Money Talks, So Should You

Crisis Button: I lost my wallet! What should I do?

George Chidi
by George Chidi, Dimespring Contributor

There's a chance, if your wallet is lost and not stolen, that someone will turn it in. That chance increases, it seems, if you have baby pictures in it. There's also a chance that the first person who finds your wallet will immediately begin a shopping spree at Home Depot on your dime.

But losing a wallet can feel helpless, so here are steps you should take.

• Make sure your wallet is well and truly gone first. There's nothing worse than making a panicked set of phone calls to the bank and the credit company only to find your wallet underneath the driver's seat of the car 10 minutes later. Check in all the obvious places first — the last place you sat, the last place you ate, the last place you paid for something. We suggest you take no more than half an hour at this — if your wallet is well and truly stolen, a thief is going to go to work immediately to drain your debit card accounts.

READ: Crisis Button: Help! My car was just stolen

• Before you call the bank, check your debit accounts online. The standard advice is to immediately call and cancel your credit and debit cards, and if you’re closer to a phone than a computer, that’s sensible. That said, if you have immediate access to an online bank account, you’ll have two bits of information right after you log in; the last place you used the debit card, and evidence if a thief is using your card.

• Report your debit cards first, then credit cards. Bank debit cards do not carry the anti-theft consumer protection that your credit cards do. You may eat the first $50 in losses from a stolen credit card (many issuers will cover you completely), but a bank has no obligation to refund money coming out of your checking account in a debit card theft. Once money is spent from a debit card, it's gone. A note: we're only talking about reporting cards as lost or stolen. It's not necessary to cancel accounts completely. All that should happen is that your issuer will send new cards with new card numbers in 3 to 10 days. lists phone numbers for all major cards and subscription services, with domestic and international numbers.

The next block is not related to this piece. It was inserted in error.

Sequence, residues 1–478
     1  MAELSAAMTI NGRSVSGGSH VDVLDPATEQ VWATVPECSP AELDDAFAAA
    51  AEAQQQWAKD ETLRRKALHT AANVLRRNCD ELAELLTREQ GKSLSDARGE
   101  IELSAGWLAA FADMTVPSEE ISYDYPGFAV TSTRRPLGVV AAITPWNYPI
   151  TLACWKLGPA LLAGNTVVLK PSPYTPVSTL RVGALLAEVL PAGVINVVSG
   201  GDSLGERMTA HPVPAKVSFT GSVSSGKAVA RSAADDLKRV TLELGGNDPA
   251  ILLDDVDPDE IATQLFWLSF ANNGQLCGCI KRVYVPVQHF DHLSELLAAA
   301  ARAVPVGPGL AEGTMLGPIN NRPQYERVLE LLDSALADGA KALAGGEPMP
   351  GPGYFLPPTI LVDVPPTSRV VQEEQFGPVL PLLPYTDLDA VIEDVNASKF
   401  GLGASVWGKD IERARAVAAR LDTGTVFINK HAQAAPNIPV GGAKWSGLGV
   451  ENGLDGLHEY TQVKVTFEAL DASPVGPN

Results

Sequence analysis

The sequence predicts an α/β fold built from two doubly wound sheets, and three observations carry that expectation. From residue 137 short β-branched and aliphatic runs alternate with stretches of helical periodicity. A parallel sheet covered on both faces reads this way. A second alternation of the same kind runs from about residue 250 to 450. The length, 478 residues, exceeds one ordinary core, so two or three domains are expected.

READ: 3 smart strategies to improve your credit score

• Call the police and file a report. Your credit card company will want a police report if false charges have posted to your account. You'll also want to have an official record of the day and time of a loss, in case someone uses the information in your wallet to steal your identity.

• Request a fraud alert be placed on your credit reports. Call any of the three credit agencies and tell them you've lost your wallet, that you're at risk of identity theft and to freeze your credit as a precaution. Each agency is obligated to offer you a free credit report and to notify the other two agencies once you've asked for a fraud alert.

Experian: 1-888- 397-3742
Equifax: 1-800-525-6285
TransUnion: 1-800-680-7289

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• Prepare for the agony of autobill resets. When your credit card and debit account numbers change, all the other accounts that automatically bill against those cards will stop working. Your gym hits your credit card for $30 on the 17th every month? Expect a phone call. Site subscription to the New York Times? World of Warcraft account? For a month or so, random things you forgot to switch over to the new number will break. This isn't all bad, of course. Anyone planning to autobill you for some long-forgotten subscription you no longer want is in for a rude surprise. Losing your wallet has the ancillary benefit of plugging leaks in your bank account. This might be a good time to take a close look at how you spend money.

George Chidi is a journalist and researcher in suburban Atlanta. George has covered crime, politics, technology and business over a 16-year career, most recently with the Atlanta Journal-Constitution as a growth, crime and general assignment reporter.